Reuters reports, based on sources in Beirut, that Russia is increasing its involvement in Syria, backing the military of beleaguered dictator Bashar al-Assad. Russia appears to be offloading tanks at its Tartous naval base on the Syrian coast, and may also be establishing an interior air field for Russian planes. Increased numbers of Russian advisers and support troops are being embedded in Syrian army units.

Al-Assad has been on a losing streak in the past few months, having lost all of Idlib province in the north to a coalition, the Army of Conquest, one major component of which is al-Qaeda (the Support Front). He also lost the desert town of Palmyra in the east, to Daesh (ISIS, ISIL).

Russia is determined not to lose one of its few remaining Middle Eastern client states. Moreover, it doesn’t want a Daesh or al-Qaeda-ruled state only 20 hours drive from its Caucasus provinces, such as Chechnya. (Chechen volunteers are fighting in Daesh, and President Vladimir Putin fears that a Daesh victory in Syria could embolden Chechens to launch another holy war.)

The increased Russian presence has upset the United States, which is unilaterally intervening in Syria against Daesh, and which has called from al-Assad to step down. Given the lack of a UN Security Council authorization of the use of force, the American bombing of Syria might be seen as a violation of international law. But the Syrian government appears to have given its blessing to US air strikes on Daesh, so that the intervention in Raqqa is probably not illegal.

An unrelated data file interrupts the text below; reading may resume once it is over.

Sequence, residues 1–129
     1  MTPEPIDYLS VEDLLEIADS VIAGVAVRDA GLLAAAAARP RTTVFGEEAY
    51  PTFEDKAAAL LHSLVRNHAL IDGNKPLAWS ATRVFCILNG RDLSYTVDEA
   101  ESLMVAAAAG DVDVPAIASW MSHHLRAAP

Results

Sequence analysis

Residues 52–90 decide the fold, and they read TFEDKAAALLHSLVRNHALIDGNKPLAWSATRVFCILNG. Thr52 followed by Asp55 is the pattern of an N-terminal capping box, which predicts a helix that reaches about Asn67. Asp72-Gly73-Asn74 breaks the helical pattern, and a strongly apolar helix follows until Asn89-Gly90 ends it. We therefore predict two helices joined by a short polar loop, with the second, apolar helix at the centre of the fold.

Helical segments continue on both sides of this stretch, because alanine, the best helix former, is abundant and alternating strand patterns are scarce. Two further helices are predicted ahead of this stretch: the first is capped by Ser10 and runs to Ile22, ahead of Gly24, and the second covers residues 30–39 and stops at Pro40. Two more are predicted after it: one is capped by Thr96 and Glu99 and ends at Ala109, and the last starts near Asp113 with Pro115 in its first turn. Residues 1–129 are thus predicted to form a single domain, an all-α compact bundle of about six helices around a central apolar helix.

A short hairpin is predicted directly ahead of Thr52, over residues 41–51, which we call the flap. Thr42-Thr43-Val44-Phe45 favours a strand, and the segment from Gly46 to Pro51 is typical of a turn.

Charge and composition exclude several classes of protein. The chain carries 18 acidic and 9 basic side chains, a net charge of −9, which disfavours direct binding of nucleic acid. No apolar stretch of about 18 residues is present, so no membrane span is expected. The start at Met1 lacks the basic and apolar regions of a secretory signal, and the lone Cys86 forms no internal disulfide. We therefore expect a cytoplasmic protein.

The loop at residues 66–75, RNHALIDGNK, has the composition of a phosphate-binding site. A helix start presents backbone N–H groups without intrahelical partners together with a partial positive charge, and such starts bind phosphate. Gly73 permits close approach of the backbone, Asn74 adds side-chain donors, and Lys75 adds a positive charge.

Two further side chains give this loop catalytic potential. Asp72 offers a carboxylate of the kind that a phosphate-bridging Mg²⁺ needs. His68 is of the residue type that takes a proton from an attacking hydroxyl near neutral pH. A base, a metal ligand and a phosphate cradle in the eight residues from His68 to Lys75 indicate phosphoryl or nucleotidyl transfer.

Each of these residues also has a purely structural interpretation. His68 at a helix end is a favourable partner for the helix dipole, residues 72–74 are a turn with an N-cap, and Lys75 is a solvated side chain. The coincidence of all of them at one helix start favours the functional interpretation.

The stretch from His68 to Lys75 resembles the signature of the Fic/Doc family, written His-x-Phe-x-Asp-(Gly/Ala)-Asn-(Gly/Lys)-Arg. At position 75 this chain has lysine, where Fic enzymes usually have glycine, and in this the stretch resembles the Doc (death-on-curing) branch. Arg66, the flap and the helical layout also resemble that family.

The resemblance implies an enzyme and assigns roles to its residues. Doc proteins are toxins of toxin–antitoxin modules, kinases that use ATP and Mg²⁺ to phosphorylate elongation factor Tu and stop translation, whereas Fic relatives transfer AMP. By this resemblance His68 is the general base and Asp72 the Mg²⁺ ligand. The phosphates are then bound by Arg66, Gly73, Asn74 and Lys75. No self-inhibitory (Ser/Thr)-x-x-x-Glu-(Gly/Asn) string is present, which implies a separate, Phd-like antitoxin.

The increased Russian presence is likely intended to deter the US from striking at al-Assad forces, as Washington said it was contemplating in early August. The US can’t hit Syrian forces if it isn’t sure it won’t also be killing Russians. In early August, a Putin spokesman said that US air strikes on Baath Party targets would just help Daesh/ISIL. Vedomosti reported, according to BBC monitoring:

“Petr Kozlov and Aleksey Nikolskiy article headlined “Russia to help Syria” says that Russia has increased military supplies to Syria since early August. The USA has expressed concern about the move. Russian pundit Yevgeniy Satanovskiy believes that Washington and its allies “have launched active anti-Russian propaganda as they are preparing an attack on Syrian President Bashar al-Asad and Russia’s military supplies may wreck it”; p 2″

Genuine Russian fears that the US might target al-Assad from the sky may be behind Moscow’s attempt to bolster the Syrian military.

Russia seems mainly, however, to intend to put some steel in the spine of al-Assad’s forces. If the reports of increased Russian presence in Syria are true, these steps resemble the Obama administration’s reestablishment of an Iraq command from last year in the face of the Daesh onslaught.

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